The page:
Amazon Drops Grocery Delivery Fee as Competitors Close In

By Reuters
October 30, 2019 Updated: October 30, 2019 Inc. is eliminating its grocery delivery service fee for Prime members in the United States and making shopping easier by combining AmazonFresh and Whole Foods Market ordering on a single site, in a bid to fend off rival grocery sellers like Walmart Inc. and Kroger Co.

Amazon is dropping its $14.99 grocery delivery fee as Walmart—the No. 1 grocery seller in the United States—rolls out a $98 annual “Delivery Unlimited” grocery membership to compete with Amazon’s $119 Prime delivery subscription.

Amazon has fat profits from its Web Services business and has demonstrated a willingness to lose money on initiatives aimed at driving more customers to its sprawling online marketplace.

Chief Executive Brian Olsavsky last week said “foregone shipping revenue”—or money Amazon would otherwise have brought in from customers who once paid for fast shipping—would contribute to a spike in Amazon shipping costs that some expect to top $11 billion in the fourth quarter.

“I think that this is going to be a game-changer, and it will grow into one of the most loved benefits of Prime,” Stephenie Landry, Amazon’s vice president of grocery delivery, said.

Amazon said in 2017 it was ending its Fresh grocery delivery service for select areas. Landry, however, said the business is very much growing and has expanded this year to areas like Nashville, Orlando, and Las Vegas.

Amazon last week forecast revenue and profit below Wall Street’s target, amid intense competition and surging costs related to its drive to speed up shipping around the world.

Sales at Amazon’s Whole Foods Market chain and other physical stores stalled in the second quarter and fell 1 percent in the third quarter.

Profits from grocery sales are notoriously slim. But selling staples like bananas, milk and toilet paper gives retailers like Amazon, Walmart, Target Corp. the opportunity to upsell shoppers who make frequent trips to replenish such necessities.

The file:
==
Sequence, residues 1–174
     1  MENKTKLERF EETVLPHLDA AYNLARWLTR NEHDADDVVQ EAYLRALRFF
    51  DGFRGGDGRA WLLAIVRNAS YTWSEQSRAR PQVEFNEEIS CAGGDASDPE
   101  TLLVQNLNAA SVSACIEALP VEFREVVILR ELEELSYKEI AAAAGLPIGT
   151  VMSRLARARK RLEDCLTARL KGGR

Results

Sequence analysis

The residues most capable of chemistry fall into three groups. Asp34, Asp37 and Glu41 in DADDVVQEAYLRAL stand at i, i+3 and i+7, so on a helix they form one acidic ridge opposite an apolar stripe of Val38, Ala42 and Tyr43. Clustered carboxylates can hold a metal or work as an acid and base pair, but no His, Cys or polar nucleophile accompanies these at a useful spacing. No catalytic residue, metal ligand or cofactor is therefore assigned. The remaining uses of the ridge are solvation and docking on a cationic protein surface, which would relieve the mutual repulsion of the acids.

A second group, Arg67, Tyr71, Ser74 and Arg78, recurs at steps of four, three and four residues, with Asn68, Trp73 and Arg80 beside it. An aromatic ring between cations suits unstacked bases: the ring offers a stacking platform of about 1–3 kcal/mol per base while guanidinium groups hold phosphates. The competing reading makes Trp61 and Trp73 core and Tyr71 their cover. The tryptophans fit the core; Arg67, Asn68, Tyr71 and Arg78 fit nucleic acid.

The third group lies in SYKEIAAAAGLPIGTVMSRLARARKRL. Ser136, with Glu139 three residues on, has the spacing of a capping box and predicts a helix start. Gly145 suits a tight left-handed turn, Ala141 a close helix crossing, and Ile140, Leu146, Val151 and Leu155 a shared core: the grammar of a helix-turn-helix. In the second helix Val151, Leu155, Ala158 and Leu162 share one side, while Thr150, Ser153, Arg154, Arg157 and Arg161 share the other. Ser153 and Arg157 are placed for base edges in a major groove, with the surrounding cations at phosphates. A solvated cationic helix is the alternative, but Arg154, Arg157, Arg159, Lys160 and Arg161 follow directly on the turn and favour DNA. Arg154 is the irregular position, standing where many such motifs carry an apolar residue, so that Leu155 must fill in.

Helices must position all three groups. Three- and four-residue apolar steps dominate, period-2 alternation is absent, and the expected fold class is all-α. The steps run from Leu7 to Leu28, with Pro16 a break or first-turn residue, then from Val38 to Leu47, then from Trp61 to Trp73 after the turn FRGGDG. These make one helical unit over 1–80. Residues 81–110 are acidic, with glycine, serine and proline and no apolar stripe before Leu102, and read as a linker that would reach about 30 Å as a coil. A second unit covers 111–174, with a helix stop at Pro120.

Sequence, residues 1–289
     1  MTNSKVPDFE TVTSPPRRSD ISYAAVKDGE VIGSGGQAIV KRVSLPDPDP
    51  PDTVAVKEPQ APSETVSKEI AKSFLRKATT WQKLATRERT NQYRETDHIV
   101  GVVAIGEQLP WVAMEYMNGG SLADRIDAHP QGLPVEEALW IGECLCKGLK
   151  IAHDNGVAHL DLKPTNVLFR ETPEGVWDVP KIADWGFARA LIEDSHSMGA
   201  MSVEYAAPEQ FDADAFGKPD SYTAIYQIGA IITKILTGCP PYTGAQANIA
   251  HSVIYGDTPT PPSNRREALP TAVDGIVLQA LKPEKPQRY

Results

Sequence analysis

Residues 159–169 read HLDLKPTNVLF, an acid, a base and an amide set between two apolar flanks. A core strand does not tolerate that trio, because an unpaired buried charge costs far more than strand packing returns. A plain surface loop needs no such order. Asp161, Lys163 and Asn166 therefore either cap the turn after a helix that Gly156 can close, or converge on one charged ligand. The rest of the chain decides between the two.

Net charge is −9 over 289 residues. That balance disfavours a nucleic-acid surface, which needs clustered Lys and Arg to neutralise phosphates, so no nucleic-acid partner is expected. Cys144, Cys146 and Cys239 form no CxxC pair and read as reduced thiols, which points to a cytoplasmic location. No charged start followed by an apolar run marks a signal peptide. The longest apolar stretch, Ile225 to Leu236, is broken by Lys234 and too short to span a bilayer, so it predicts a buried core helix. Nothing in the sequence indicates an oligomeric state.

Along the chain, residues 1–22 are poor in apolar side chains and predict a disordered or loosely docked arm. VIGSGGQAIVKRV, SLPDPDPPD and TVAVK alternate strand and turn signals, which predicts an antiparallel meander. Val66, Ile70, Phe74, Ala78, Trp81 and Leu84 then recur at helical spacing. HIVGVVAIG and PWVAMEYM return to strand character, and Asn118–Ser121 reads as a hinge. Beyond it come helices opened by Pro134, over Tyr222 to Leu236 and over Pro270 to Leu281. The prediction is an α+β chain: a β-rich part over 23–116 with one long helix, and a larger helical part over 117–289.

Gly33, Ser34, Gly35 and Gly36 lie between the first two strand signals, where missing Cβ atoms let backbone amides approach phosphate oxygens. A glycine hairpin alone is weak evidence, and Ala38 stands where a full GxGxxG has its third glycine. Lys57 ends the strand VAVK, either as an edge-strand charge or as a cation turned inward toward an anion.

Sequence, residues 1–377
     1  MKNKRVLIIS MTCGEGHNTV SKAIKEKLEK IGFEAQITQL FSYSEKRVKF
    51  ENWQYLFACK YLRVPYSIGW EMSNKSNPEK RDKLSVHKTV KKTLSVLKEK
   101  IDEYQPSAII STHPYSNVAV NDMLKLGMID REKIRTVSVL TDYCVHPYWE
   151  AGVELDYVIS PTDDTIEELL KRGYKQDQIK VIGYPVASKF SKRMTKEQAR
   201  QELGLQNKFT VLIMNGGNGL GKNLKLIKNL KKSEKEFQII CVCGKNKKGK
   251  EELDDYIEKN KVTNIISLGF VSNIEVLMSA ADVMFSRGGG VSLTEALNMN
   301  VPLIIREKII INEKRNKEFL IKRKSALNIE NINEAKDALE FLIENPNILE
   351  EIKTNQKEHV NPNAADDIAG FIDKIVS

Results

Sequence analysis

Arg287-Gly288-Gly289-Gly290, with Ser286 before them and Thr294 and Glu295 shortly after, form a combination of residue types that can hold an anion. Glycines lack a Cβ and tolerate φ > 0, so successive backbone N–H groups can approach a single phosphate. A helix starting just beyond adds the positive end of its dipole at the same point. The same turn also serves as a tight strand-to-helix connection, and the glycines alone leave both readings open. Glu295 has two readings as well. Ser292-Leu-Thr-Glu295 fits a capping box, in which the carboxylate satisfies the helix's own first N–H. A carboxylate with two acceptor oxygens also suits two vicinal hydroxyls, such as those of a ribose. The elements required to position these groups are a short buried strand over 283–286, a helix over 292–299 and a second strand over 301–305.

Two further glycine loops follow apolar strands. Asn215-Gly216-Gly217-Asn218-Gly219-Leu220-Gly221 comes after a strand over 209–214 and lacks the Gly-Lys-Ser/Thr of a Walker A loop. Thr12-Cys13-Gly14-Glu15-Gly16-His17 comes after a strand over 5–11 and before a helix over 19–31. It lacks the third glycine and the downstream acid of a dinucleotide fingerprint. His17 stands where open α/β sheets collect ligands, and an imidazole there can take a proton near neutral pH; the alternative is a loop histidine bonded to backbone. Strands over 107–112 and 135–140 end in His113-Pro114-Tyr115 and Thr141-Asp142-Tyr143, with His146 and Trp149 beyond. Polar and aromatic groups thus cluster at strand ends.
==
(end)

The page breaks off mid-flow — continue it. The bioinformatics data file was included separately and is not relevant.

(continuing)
The Oct. 29 move from the world’s biggest online retailer is yet another salvo in the continuing delivery “arms race,” Charlie O’Shea of Moody’s said.

Amazon is already cutting delivery times to one day for its Prime loyalty members in a bid to outmaneuver Walmart and other retailers who offer competing two-day shipping without subscription fees.

“This new delivery effort is yet another example of Amazon’s willingness to suffer short-term for the potential for long-term benefit,” O’Shea added.

Shares in Amazon slipped 0.7% in midday trading, while Kroger Co. and Walmart were down 2.1% and 1.1%, respectively.

Walmart plans to offer its “Delivery Unlimited” grocery membership to shoppers in more than half of the United States by the end of the year. Members have the option of paying the $98 annual fee or $12.95 per month instead of the usual $9.99 delivery fee.

Kroger charges a $5.95 delivery fee and a $6.00 service fee for home delivery.

A recent study from CapGemini found that 38% of U.S. consumers order groceries online, but that only 14% were willing to pay more for two-hour deliveries.

By Akanksha Rana & Jeffrey Dastin